Altalink is promising more stakeholder involvement, openness and transparency in a renewed public consultation process for a Western Alberta electrical transmission line route.
Starting in February, the company will start consulting with rural residents living between Airdrie and Pigeon Lake. A new series of public open houses and information displays are planned for Innisfail, Ponoka, Eckville, Pine Lake, Rimbey, Sylvan Lake and Olds.
Altalink’s senior vice-president of external engagement, Leigh Clarke, said the estimated $1.1 billion transmission line project that would start in Genesee, west of Edmonton, and end in Langdon, east of Calgary, will take up less land than previously proposed.
A more efficient DC, or direct current, technology would be used for the 500-kilovolt line, requiring smaller towers, said Clarke. As Alberta’s power needs grow, the line’s capacity can be increased with additional equipment at each end, reducing the need to disturb new land with more lines, he added.
Clarke said no specific routes are yet being considered. When one is chosen, after public consultation, he promised affected landowners will get fair compensation for having towers and lines running across on their property.
“We will listen to the landowners and some premium will be offerred over fair market value because this project is deemed to have a societal value,” he said.
Altalink has allowed a year for public consultation, another year to secure approval from Alberta’s energy regulator, and then two years for project construction.
Project opponent Joe Anglin, leader of the Lavesta Area Group, is skeptical of most of Altalink’s claims, including promises of openness. He referred to the project’s sordid history — previous transmission line approvals were scrapped after Alberta’s energy regulator was caught spying on opposing landowners.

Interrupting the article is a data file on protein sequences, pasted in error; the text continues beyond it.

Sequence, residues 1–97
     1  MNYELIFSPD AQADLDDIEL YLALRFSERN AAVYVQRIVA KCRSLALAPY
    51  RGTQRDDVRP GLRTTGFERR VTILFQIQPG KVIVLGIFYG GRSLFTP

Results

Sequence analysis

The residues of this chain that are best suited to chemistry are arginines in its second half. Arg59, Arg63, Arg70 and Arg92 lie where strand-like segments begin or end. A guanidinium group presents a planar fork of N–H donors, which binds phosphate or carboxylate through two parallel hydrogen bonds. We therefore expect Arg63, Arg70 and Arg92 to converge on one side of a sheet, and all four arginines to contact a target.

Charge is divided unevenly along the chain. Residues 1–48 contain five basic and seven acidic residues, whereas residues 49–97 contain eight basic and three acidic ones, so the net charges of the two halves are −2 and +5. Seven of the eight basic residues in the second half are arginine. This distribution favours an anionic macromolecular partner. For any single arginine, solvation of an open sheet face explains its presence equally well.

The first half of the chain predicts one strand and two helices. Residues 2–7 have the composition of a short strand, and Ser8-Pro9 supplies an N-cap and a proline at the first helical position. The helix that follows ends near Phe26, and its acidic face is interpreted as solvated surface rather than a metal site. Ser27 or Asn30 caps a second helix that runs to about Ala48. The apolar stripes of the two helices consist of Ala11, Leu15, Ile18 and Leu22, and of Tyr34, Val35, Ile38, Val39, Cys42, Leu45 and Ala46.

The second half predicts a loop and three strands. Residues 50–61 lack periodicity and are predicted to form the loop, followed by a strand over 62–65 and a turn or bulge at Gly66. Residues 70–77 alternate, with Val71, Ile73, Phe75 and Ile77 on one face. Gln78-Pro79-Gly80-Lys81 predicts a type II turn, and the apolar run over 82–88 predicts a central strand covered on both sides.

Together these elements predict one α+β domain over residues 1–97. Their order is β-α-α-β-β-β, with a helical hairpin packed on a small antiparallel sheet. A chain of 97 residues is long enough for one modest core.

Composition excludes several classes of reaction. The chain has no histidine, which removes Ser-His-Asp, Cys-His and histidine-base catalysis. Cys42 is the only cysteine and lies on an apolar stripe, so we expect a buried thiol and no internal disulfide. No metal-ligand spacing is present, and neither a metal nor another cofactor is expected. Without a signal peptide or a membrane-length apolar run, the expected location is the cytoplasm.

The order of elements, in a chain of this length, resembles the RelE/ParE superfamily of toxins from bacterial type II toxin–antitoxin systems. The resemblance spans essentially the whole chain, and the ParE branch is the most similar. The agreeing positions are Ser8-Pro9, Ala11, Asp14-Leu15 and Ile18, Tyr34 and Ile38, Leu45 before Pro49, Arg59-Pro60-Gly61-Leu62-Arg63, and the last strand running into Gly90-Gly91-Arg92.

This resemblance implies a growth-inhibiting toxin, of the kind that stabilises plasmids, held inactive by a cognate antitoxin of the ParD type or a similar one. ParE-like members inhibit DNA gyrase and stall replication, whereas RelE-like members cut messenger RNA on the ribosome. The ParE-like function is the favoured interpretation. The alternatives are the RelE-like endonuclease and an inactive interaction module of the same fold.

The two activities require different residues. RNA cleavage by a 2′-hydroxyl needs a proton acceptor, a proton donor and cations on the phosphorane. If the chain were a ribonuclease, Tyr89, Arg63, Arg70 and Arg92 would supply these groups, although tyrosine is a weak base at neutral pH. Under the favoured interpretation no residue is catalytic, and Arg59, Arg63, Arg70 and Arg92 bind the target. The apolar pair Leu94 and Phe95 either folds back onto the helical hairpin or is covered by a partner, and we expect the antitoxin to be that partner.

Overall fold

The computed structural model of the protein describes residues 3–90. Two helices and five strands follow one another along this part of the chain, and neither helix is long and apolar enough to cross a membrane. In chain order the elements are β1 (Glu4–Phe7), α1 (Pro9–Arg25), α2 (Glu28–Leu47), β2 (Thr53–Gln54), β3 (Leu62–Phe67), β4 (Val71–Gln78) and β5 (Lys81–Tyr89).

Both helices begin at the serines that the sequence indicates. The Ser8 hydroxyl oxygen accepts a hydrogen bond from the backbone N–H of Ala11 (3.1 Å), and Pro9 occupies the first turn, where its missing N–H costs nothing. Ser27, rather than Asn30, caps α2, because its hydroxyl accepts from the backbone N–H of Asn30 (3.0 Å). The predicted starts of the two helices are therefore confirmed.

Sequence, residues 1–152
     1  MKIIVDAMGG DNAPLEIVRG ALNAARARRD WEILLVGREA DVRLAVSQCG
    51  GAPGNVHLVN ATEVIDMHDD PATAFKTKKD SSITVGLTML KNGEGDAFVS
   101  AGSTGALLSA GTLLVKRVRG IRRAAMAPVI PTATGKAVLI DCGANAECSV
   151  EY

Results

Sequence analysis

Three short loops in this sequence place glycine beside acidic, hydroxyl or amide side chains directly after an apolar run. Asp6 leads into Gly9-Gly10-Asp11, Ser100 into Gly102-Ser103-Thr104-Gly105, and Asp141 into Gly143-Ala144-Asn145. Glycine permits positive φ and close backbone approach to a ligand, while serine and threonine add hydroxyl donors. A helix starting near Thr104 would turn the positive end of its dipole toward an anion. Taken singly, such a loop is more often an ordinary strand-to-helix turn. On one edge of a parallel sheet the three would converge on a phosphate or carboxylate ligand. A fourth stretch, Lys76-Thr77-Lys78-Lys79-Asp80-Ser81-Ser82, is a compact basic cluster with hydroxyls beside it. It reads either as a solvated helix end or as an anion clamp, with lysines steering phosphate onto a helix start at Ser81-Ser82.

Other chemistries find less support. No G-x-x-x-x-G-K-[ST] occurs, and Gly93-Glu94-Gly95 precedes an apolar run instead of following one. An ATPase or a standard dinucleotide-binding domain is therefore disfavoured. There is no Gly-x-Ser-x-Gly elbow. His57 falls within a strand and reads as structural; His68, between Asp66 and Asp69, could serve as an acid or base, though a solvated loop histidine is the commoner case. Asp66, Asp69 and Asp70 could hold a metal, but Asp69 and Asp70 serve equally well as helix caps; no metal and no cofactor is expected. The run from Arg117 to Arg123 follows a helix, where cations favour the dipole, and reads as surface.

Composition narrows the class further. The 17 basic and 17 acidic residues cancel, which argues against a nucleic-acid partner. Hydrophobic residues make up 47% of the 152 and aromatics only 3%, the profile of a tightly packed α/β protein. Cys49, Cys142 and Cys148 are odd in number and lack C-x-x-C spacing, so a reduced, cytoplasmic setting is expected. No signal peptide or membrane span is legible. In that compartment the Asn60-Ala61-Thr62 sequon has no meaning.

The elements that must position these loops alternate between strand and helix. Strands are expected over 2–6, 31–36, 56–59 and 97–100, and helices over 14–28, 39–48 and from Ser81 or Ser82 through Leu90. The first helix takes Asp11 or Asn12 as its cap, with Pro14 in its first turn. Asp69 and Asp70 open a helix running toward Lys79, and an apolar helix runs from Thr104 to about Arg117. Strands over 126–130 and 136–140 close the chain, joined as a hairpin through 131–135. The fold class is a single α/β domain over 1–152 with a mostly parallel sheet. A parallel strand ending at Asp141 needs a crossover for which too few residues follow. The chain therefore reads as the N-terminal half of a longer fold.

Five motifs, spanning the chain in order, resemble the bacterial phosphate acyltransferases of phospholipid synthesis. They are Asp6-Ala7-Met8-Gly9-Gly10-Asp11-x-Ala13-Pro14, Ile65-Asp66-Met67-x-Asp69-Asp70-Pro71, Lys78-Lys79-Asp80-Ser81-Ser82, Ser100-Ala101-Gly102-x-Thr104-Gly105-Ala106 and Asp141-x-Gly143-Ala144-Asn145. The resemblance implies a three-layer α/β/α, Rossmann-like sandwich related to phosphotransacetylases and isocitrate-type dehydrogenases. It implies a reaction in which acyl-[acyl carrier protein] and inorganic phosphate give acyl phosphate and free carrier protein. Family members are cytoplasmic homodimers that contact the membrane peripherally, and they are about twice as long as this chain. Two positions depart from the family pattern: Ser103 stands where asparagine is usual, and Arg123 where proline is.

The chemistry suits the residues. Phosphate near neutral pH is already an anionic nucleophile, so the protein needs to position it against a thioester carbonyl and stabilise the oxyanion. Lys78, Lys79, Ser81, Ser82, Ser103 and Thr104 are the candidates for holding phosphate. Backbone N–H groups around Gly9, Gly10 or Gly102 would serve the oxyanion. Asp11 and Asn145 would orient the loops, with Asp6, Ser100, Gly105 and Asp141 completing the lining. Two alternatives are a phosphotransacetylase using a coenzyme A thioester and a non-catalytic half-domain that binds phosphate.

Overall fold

Altalink was ordered to go back to and begin the proposal and consultation process all over again.
The controversial Bill 50, which tosses out the need for public consultation when the provincial government deems a project is vital, assures that “99 per cent of this stuff was already approved without any public process at all,” said Anglin, who discounts assertions that the province will face electrical shortages if the new transmission line doesn’t begin construction by 2012.
Anglin believes this need hasn’t been proven to Albertans.
He also casts doubts on the $1.1 billion project cost estimate, and Clarke’s assertion the new line will only increase each Albertans’ power bills by $1 a month. Anglin said the Western Alberta line is only one of four new proposed lines that will cost at least $5.4 billion. He calculates these will boost monthly infrastructure costs on each electricity bill eight-fold.
“I don’t know whether a lot of Albertans can afford this.”
Other rural residents previously raised health concerns and farming issues, in relation to having a transmission line cross properties.
Public open houses will be held from 4 to 8 p.m. on:
• Feb. 1 at the Innisfail Legion, 5108-49th Ave.
• Feb. 2 at the Ponoka Kinsmen Community Centre, 5009-46th Ave.
• Feb. 3 at the Eckville Community Centre, 5305-52 St.
• Feb. 4 at the Pine Lake Hub, two km south of Hwy 42 on Hwy 816.
• Feb. 18 at the Rimbey Community Centre, 5109-54th St.
• Feb. 22 at the Olds College Alumni Building, 4500-50th St.
As well, information displays on the project will be set up from noon to 8 p.m. on:
• March 1 to 5 at the Ponoka Kinsmen Community Centre, 5009-46th Ave.
• March 8 to12 at the Chateau Suites’ Marina Suite in Sylvan Lake, 1-5100 Lakeshore Drive
• March 22 to 26 at the Olds College Frank Grisdale Building, 4500-50th St.
• March 22 to 26 at the Rimbey Community Centre, 5109-54th St.